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Actors' Equity
Founded 1913
Members over 45,000 stage actors and stage managers
Country United States
Affiliation AFL-CIO
Key people Paige Price, Acting President
Office location New York, New York
Website www.actorsequity.org

The Actors' Equity Association (AEA), commonly referred to as Actors' Equity or simply Equity, is an American labor union embracing the world of live theatrical performance, as opposed to film and television performance. However, performers appearing on live stage productions without a book or through-storyline (vaudeville, cabarets, circuses) may be represented by AGVA. As of 2007, Equity represented over 45,000 theatre artists and stage managers.

Contents

History

At a meeting held at the Pabst Grand Circle Hotel in New York City, on May 26, 1913, Actor's Equity was founded by 112 professional theater actors, who established the association's constitution and elected Francis Wilson as president.[1] Leading up to the establishment of the association, a handful of influential actors—known as The Players—held secret organizational meetings at Edwin Booth's old mansion on Gramercy Square.

Marie Dressler, Ethel Barrymore & others during the 1919 strike.

Actors' Equity joined the American Federation of Labor in 1919, and called a strike seeking recognition of the association as a labor union.[1] The strike ended the dominance of the Theatrical Syndicate, including theater owners and producers like Abe Erlanger and his partner, Mark Klaw. The strike increased membership from under 3,000 to approximately 14,000. The Chorus Equity Association, which merged with Actors' Equity in 1955, was founded during the strike.

Equity represented directors and choreographers until 1959, when they broke away and formed their own union (see: Stage Directors and Choreographers Society (SDC)).

Causes

In the 1940s, Actors' Equity stood against segregation.[1] When actors were losing jobs due to 1950s McCarthyism and the Hollywood blacklist, Actors' Equity Association refused to participate. Although its constitution guaranteed its members the right to refuse to work alongside Communists, or a member of a Communist front organization, Actors' Equity never banned any members. At a 1997 ceremony commemorating the 50th anniversary of the blacklist, Richard Masur, then President of the Screen Actors Guild, apologized for the union's participation in the ban, noting: "Only our sister union, Actors Equity Association, had the courage to stand behind its members and help them continue their creative lives in the theater. For that, we honor Actors Equity tonight."[2]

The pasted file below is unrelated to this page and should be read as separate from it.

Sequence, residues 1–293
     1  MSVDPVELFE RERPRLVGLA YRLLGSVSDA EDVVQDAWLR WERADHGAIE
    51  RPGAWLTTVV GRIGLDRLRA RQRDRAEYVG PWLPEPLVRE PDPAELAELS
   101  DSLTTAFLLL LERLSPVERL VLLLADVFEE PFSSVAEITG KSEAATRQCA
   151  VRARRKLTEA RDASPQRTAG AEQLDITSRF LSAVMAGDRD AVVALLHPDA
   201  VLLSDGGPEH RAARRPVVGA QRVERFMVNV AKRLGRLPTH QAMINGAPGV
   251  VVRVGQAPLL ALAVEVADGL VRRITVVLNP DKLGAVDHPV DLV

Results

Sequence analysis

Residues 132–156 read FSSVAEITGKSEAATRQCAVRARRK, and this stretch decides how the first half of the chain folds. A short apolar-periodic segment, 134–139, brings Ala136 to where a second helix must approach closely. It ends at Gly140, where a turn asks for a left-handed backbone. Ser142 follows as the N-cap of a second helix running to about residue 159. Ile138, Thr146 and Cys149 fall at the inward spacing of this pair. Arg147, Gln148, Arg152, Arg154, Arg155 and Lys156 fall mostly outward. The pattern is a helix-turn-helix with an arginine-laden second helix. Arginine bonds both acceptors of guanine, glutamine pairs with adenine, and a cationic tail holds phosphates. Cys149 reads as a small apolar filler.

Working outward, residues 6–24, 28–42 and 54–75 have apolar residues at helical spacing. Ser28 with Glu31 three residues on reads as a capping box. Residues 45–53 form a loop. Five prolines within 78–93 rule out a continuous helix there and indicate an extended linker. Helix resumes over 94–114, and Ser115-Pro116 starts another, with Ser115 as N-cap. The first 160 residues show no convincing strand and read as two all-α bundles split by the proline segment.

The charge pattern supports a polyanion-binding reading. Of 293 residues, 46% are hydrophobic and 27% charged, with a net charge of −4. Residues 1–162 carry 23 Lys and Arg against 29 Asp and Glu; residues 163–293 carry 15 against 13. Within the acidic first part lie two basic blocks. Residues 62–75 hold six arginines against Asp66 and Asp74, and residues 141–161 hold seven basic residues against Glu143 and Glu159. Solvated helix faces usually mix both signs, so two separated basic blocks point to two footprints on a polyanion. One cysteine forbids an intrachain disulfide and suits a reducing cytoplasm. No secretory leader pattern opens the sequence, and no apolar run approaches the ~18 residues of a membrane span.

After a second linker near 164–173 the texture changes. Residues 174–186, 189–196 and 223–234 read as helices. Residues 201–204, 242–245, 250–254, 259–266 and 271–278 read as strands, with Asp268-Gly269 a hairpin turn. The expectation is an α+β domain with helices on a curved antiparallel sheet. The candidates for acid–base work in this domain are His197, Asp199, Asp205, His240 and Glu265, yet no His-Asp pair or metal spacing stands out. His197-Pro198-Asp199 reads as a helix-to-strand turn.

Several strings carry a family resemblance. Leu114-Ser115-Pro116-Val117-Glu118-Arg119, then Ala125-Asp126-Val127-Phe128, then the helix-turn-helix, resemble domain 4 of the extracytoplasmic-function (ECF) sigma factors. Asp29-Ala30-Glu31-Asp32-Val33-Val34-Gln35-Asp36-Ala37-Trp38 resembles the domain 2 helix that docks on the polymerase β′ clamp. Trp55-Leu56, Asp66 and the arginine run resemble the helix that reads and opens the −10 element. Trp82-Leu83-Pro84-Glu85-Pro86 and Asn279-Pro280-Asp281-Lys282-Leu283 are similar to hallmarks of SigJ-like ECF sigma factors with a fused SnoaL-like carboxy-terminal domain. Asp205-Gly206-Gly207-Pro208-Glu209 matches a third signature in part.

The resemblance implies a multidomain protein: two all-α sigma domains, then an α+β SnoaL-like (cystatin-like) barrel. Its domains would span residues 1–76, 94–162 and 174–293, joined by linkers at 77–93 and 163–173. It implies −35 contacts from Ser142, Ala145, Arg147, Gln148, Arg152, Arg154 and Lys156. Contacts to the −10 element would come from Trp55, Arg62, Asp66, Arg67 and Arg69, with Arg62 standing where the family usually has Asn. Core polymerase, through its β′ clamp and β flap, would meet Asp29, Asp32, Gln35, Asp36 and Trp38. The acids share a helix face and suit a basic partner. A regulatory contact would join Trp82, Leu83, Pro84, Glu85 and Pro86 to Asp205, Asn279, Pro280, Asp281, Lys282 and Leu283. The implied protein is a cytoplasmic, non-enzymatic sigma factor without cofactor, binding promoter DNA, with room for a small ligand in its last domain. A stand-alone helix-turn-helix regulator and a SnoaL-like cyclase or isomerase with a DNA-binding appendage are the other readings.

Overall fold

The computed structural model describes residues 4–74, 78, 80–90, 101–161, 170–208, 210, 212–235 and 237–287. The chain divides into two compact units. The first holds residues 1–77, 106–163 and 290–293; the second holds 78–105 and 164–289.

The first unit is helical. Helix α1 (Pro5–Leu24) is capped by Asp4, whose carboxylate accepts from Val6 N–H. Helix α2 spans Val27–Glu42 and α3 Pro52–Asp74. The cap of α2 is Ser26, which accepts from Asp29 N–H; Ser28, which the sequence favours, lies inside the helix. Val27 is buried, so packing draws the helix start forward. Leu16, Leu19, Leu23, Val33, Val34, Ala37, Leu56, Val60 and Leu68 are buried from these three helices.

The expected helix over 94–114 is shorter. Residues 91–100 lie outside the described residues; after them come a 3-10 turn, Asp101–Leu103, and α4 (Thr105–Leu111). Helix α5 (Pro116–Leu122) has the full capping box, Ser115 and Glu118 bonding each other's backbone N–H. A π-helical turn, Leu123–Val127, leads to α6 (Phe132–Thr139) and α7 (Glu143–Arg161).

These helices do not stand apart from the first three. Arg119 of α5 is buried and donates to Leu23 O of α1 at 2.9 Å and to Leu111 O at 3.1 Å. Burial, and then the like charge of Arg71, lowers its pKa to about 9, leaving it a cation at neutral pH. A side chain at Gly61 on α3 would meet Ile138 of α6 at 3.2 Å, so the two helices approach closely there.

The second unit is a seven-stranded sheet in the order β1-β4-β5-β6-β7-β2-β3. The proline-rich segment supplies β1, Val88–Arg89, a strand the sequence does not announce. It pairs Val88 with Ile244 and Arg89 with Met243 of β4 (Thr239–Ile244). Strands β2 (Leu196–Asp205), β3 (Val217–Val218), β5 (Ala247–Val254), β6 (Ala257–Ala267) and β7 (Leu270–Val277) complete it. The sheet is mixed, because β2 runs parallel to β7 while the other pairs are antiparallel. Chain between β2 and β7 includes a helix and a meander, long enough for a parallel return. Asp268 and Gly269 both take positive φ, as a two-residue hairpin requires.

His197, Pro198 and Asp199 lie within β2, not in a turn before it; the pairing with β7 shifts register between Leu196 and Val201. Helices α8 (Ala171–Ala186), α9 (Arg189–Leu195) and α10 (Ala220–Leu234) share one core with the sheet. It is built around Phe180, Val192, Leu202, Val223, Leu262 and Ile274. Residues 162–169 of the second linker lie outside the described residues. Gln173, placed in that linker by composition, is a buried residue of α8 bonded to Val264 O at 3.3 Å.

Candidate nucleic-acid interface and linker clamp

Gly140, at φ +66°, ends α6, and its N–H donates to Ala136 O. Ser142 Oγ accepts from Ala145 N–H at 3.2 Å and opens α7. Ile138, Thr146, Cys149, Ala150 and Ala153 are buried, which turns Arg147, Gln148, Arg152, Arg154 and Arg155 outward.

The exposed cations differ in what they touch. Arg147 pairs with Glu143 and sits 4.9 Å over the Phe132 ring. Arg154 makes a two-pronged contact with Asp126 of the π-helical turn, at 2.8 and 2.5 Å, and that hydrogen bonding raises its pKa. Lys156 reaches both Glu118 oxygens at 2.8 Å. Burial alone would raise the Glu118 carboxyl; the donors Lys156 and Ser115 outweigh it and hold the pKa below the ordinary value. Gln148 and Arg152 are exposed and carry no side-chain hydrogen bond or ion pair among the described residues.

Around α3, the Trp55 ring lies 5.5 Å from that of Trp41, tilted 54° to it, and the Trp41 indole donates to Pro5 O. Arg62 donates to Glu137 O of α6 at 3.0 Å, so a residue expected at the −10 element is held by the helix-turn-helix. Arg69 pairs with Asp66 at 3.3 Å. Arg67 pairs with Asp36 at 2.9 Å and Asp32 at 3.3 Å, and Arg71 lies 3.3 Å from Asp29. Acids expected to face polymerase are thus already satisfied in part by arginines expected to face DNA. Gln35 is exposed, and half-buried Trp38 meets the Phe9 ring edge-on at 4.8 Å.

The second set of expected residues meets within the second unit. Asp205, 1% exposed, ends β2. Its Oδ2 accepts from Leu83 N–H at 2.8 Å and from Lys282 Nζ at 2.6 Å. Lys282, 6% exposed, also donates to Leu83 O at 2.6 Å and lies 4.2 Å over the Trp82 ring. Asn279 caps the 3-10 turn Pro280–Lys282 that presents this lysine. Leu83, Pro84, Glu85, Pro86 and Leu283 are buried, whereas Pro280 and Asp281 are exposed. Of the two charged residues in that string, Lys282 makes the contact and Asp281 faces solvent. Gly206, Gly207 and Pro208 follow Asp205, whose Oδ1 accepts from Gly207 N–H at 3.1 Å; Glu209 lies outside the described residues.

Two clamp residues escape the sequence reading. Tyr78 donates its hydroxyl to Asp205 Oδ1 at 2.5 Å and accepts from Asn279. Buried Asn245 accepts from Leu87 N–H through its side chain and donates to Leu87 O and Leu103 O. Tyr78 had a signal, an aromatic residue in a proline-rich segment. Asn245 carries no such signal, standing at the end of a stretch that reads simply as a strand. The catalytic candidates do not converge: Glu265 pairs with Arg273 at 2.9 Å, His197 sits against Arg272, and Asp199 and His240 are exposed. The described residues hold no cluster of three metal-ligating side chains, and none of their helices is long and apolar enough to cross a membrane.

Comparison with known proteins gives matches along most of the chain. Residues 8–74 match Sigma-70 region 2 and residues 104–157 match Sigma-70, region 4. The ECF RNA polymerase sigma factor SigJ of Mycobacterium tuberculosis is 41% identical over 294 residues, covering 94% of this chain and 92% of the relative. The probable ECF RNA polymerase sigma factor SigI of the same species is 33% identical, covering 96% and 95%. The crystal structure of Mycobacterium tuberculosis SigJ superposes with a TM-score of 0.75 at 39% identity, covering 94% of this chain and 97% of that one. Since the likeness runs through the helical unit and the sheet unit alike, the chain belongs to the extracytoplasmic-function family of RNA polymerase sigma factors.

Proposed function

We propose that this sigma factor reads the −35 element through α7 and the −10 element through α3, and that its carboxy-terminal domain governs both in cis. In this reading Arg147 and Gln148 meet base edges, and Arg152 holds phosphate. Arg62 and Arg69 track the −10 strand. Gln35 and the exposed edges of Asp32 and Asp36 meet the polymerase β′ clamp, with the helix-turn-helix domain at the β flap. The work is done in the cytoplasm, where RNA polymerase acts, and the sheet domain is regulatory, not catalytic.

In the 1960s, Actors' Equity played a role in gaining public funding for the arts, including the founding of the National Endowment for the Arts (NEA).[1]

Actors' Equity fought the destruction of historic Broadway theaters. It played a major role in the recognition of the impact the AIDS epidemic was having on the stage. Actors' Equity is the only union in the United States that boasts an unemployment rate of 90% at any given time.[1]

Alien performer issue

From 1976-1981, the National Labor Relations Board (NLRB) brought suit against Actors Equity, charging the union practiced discrimination toward alien visitor performers. While American and Canadian members were charged their dues on a sliding scale, from $42 to a maximum of $400 annually, aliens were charged 5% of their gross wages as dues.[3] NLRB won the judgment. Lynn Redgrave and Yul Brynner participated in the suit, successfully seeking the return of $45,000 he had been required to pay during the first year's run of his hugely successful Broadway musical The King and I.

The union claimed the higher dues structure was necessary (1) to limit the number of alien actors in the United States, (2) to prevent reprisals from British Equity, Britain's "friendly adversary" correlative of Actors' Equity, and (3) to counterbalance British Equity's power to exclude as many American actors as it wants by telling the British Labor Board whom it wants excluded. Finding no merit in Equity's claim that the suit was time-barred, one of their defenses, the Administrative Law Judge ordered Equity to desist from imposing a discriminatory dues schedule and ordered repayment of all amounts collected after April 6, 1976 (six months before the complaint was filed in this case) in excess of what non-resident aliens would have paid if treated like residents or citizens. Evidence was presented showing that no other American performer union acted in this manner. The suit was brought to a close in 1981.

Exchange of actors between U.S. and U.K.

Under current rules, a producer who wants to bring a British actor to the United States must seek the approval of Actors' Equity, just as British Equity's approval is needed to bring an American actor to the United Kingdom. In theory the two unions try to balance the exchange, but over the years it has been charged the exchange provisions have been unevenly applied. Many feel the restrictions should be loosened or ended, while others claim the flow of talent across the Atlantic is mostly one way, from East to West. While established stars are normally admitted automatically under common visa exceptions, the problem arises with non-star talent.[4]

See also

Notes

External links








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